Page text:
Road Course Presents Big Opportunity For Wild Card Hopefuls
Juan Pablo Montoya and Marcos Ambrose have two hurdles to leap before landing a playoff spot. One: Win a race. Two: Get into the top 20. Even then, they might need some help.
The two road-course talents could very well check off step one this weekend at The Glen. Montoya, now 21st in points, won last year’s event and has finished in the top 10 in each of the last three races. Ambrose, 23rd in points and winless at Watkins Glen, has finished third, second and third in his three races at the upstate New York track.
Feud Bubbles Between Champions Johnson, Busch
|Johnson shows some emotion! (Getty)|
The next two combatants: Jimmie Johnson and Kurt Busch. Neither particularly loved the way the other raced at the close of Sunday’s race at Pocono.
Heated post-race words may have escalated to more if not for interference from their respective teams.
The words spilled into the media center, where Busch said, "Good hard-fought battle for us, rooting for those two in front of me, my teammate and my younger brother to wreck each other, but not to wreck each other. Of course I wanted both of them to win and I wanted to win. Anybody but the 48."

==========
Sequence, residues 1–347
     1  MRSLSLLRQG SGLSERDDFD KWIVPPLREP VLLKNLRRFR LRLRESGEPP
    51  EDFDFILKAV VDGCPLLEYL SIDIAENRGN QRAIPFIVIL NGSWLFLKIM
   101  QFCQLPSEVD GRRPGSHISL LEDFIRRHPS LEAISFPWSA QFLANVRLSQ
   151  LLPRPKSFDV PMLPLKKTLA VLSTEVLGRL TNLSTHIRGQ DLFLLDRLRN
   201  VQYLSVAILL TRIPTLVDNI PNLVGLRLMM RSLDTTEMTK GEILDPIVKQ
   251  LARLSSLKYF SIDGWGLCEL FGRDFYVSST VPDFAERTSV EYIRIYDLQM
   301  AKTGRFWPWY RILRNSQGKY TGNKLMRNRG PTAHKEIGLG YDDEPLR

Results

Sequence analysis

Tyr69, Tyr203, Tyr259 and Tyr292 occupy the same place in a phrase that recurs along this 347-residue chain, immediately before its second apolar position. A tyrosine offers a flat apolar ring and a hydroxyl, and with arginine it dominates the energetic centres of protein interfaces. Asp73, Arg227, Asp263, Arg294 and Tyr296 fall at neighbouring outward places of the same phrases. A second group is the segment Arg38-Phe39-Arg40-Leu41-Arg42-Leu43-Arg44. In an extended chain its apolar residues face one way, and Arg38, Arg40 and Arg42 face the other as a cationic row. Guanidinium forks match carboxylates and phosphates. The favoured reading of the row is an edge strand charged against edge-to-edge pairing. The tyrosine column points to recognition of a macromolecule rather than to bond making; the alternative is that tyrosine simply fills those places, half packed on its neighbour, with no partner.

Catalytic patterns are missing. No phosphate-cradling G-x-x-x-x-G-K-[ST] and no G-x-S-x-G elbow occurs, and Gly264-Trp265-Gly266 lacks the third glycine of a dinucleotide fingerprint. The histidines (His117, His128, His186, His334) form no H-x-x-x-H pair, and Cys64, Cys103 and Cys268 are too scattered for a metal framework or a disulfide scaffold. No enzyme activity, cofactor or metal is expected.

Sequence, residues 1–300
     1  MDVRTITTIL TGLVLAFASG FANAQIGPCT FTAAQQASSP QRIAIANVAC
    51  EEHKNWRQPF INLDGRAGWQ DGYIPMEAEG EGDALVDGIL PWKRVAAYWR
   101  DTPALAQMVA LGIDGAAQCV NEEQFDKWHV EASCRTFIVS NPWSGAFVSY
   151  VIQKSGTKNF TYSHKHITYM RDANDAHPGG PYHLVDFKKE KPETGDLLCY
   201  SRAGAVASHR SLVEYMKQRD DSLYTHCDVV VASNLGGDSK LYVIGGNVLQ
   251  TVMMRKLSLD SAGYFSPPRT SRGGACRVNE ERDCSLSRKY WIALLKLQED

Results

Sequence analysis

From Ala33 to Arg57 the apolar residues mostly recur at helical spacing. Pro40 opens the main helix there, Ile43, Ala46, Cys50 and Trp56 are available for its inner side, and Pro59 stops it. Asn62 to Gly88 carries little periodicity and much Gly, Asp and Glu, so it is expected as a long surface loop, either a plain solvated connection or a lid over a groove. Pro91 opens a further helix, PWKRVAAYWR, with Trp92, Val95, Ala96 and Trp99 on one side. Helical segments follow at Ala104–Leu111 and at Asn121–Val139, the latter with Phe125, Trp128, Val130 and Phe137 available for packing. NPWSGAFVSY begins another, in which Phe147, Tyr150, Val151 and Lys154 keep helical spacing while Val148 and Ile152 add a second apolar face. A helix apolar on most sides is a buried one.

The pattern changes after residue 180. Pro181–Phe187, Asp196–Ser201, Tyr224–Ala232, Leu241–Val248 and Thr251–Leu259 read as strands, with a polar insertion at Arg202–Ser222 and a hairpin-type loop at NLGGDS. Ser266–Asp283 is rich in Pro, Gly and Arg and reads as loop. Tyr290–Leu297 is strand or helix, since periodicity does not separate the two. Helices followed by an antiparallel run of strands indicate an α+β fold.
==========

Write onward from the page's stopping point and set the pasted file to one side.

Both are past champions and both are legitimate title contenders again this year. And both have had past run-ins. This could get interesting.
Sprint Summer Showdown Turns Left…And Right
The Sprint Summer Showdown hits the road course, with two surprises capturing the first two events: Paul Menard at Indianapolis and Brad Keselowski at Pocono. The winners of Indy, Pocono, Watkins Glen, Michigan and Bristol are eligible for the massive prize at Atlanta -- $3 million. The bonus will be split three ways: a million each for the driver, the driver’s charity, and one lucky fan. If one of those eligible drivers wins at Atlanta, the bonus is theirs.
Who’s the best bet at The Glen? The top five in Driver Rating usually provides a solid glimpse: Tony Stewart (129.6), Juan Pablo Montoya (113.5), Marcos Ambrose (113.2), Kyle Busch (102.1) and Kurt Busch (101.9).
Future Is Now: Youth Movement Hits NASCAR